The opinion of the court was delivered by: P. Kevin Brobson, Judge
AND NOW, this 11th day of March, 2011, upon consideration of the Appellant's Application to Report Unreported Opinion said Application is granted. It is hereby ordered that the opinion filed January 12, 2011 shall be designated OPINION rather than MEMORANDUM OPINION, and it shall be reported.
IN THE COMMONWEALTH COURT OF PENNSYLVANIA
Anthony Cesare : v. Commonwealth of Pennsylvania, : Department of Transportation, : Bureau of Driver Licensing, : Appellant :
Submitted: August 20, 2010
BEFORE: HONORABLE RENEE COHN JUBELIRER, Judge HONORABLE P. KEVIN BROBSON, Judge HONORABLE ROCHELLE S. FRIEDMAN, Senior Judge
Appellant Commonwealth of Pennsylvania, Department of Transportation, Bureau of Driver Licensing (Department), appeals from the March 16, 2010, order of the Court of Common Pleas of Westmoreland County (trial court), sustaining the statutory appeal of Appellee Anthony Cesare (Licensee) and reinstating Licensee's vehicle operating privilege. We reverse.
The pertinent facts in this case center around Licensee's violation of Section 1543(b) of the Vehicle Code,*fn1 (relating to driving while operating privilege is suspended or revoked) that occurred on September 2, 1998, and his subsequent conviction on November 24, 1998. (Reproduced Record (R.R.) at 136a.) On September 2, 1998, Licensee was arrested for a violation of Section 1543(b) of the Vehicle Code for driving while his operating privileges were suspended. The following day, on September 3, 1998, Licensee was again arrested for violating Section 1543(b). On November 24, 1998, Licensee was convicted of both violations. By official notices with "mail dates" of December 16, 1998, and January 14, 1999, the Department imposed two separate two-year "add-on" revocations of Licensee's operating privilege, one for the September 2, 1998 violation and one for the September 3, 1998 violation, in accordance with Section 1543(c)(2) of the Vehicle Code.*fn2 (Id.) Licensee filed a timely statutory appeal of the revocation imposed as a result of his conviction for the September 2, 1998 violation.*fn3 (Id. at 117a.)
During this same time period, Licensee appealed the underlying conviction for the September 2, 1998 violation to the Superior Court, which ultimately affirmed the trial court's conviction. Thereafter, in June 2002, Licensee withdrew his appeal of the Department's license revocation relating to the September 2, 1998 violation, and the Department reimposed the revocation, effective October 3, 2002. (Id. at 138a.) Without consulting his attorney, Licensee filed an untimely statutory appeal of the reimposed revocation. (Id.) After consulting with his attorney, Licensee withdrew his appeal, and the trial court issued an order, dated February 14, 2003, and mailed February 24, 2003, indicating that the appeal was withdrawn. (Id. at 177a).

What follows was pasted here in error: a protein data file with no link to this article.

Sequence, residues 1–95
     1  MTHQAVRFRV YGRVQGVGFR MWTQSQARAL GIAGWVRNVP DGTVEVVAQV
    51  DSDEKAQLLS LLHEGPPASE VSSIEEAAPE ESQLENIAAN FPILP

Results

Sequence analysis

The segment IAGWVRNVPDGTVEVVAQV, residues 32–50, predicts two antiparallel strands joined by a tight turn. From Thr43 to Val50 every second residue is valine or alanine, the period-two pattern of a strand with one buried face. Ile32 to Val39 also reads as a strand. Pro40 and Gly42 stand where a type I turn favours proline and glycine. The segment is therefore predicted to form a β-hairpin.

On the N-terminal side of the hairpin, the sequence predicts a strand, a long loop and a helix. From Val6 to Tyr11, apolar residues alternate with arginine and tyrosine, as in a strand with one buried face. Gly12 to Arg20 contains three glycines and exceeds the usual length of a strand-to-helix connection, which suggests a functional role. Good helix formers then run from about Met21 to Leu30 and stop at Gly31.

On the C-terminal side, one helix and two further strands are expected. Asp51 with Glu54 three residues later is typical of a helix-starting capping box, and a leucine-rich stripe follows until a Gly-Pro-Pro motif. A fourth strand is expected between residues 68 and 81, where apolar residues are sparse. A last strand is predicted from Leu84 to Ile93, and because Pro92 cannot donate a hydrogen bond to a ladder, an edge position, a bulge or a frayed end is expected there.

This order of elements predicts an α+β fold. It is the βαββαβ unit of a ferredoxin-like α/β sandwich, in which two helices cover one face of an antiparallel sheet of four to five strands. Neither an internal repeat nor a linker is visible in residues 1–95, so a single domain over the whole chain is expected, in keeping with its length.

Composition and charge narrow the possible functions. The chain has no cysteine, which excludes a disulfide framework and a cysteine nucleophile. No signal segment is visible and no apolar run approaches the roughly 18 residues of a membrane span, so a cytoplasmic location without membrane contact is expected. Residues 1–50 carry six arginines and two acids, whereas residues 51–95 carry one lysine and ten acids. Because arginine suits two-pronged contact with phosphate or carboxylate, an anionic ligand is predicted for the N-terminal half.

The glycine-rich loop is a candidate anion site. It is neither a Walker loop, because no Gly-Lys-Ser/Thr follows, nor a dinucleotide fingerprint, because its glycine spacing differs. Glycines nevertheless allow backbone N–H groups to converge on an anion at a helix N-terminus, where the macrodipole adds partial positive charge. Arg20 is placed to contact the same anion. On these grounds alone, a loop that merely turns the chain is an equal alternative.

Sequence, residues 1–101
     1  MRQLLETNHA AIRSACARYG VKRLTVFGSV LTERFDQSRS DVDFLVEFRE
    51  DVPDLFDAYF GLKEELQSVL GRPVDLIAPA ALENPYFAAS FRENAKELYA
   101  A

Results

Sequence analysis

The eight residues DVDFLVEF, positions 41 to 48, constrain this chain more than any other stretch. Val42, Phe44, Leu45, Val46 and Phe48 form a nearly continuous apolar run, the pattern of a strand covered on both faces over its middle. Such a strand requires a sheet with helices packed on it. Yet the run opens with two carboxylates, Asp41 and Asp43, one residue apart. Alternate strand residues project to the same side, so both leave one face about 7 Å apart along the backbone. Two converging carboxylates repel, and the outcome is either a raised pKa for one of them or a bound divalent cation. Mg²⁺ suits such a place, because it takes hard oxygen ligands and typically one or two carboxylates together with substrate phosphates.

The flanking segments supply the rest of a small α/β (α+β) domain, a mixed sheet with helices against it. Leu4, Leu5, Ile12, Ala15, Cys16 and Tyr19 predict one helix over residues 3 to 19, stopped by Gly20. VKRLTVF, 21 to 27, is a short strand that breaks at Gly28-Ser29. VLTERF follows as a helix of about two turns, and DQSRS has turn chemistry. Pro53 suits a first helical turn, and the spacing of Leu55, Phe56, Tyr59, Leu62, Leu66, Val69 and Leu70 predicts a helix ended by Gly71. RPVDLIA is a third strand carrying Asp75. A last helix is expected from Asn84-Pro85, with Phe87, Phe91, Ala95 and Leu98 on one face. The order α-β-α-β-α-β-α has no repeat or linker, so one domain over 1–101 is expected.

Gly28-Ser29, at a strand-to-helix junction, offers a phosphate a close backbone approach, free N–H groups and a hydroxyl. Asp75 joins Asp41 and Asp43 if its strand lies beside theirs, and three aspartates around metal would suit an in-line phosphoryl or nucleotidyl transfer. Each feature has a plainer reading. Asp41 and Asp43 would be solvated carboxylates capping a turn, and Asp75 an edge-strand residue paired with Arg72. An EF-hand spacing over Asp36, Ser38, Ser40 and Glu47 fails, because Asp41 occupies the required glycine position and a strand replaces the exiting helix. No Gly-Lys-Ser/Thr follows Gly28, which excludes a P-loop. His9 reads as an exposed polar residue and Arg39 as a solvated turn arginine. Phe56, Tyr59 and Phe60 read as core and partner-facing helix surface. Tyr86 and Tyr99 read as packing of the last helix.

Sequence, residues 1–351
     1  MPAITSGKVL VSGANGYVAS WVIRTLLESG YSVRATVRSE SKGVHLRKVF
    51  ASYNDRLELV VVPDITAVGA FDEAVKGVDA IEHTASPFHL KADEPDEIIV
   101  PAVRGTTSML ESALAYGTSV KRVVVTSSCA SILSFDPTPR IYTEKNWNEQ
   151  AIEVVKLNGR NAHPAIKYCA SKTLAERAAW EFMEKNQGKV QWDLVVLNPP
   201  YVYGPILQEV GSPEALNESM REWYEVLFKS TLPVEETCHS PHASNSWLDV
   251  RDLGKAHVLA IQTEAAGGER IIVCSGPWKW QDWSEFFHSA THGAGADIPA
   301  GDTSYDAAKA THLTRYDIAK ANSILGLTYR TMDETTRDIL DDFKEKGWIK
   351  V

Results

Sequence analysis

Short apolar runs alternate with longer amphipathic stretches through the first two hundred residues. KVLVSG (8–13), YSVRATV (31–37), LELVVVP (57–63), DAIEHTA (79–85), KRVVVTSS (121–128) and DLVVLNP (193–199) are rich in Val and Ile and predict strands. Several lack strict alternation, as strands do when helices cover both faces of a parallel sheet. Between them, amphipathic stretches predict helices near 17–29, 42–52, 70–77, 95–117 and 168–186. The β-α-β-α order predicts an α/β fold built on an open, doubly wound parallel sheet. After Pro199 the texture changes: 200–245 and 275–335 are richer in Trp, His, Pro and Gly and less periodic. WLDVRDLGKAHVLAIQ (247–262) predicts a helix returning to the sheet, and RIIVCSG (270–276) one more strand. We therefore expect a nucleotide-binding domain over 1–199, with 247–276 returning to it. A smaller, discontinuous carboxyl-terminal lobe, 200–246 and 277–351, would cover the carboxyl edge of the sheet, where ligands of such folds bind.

The Department received notification from the trial court on February 28, 2003, by way of the order, that the appeal was withdrawn. (Id.).
The Department took no further action relating to the September 2, 1998 violation until August 10, 2006, almost forty-two months later, when it reimposed the two-year revocation, effective July 7, 2008.*fn4 (Id. at 139a.) Licensee again appealed to the trial court, which conducted a de novo hearing. (Id. at 169a.)
At the hearing, Licensee argued that the Department's almost forty-two-month delay in reimposing the revocation constituted unreasonable delay on the part of the Department, and that Licensee, a self-employed businessman, was prejudiced by the delay. As to the issue of prejudice, Licensee took the position that following his withdrawal of the appeal in February 2003, he expected the Department to reimpose the two-year revocation related to the September 2, 1998 violation. In anticipation of an additional two-year revocation, Licensee took steps to sell his water treatment systems business because he believed that it would be difficult to continue to work for this business if he were unable to drive for that length of time. As time passed, he began to believe that the Department may not reimpose the revocation. During that same time period, the Department unexpectedly reinstated Licensee's operating privileges for a short period of time. Due to his belief that his license may not be revoked as a result of the September 2, 1998 violation, Licensee abandoned his plans to sell his business. When ...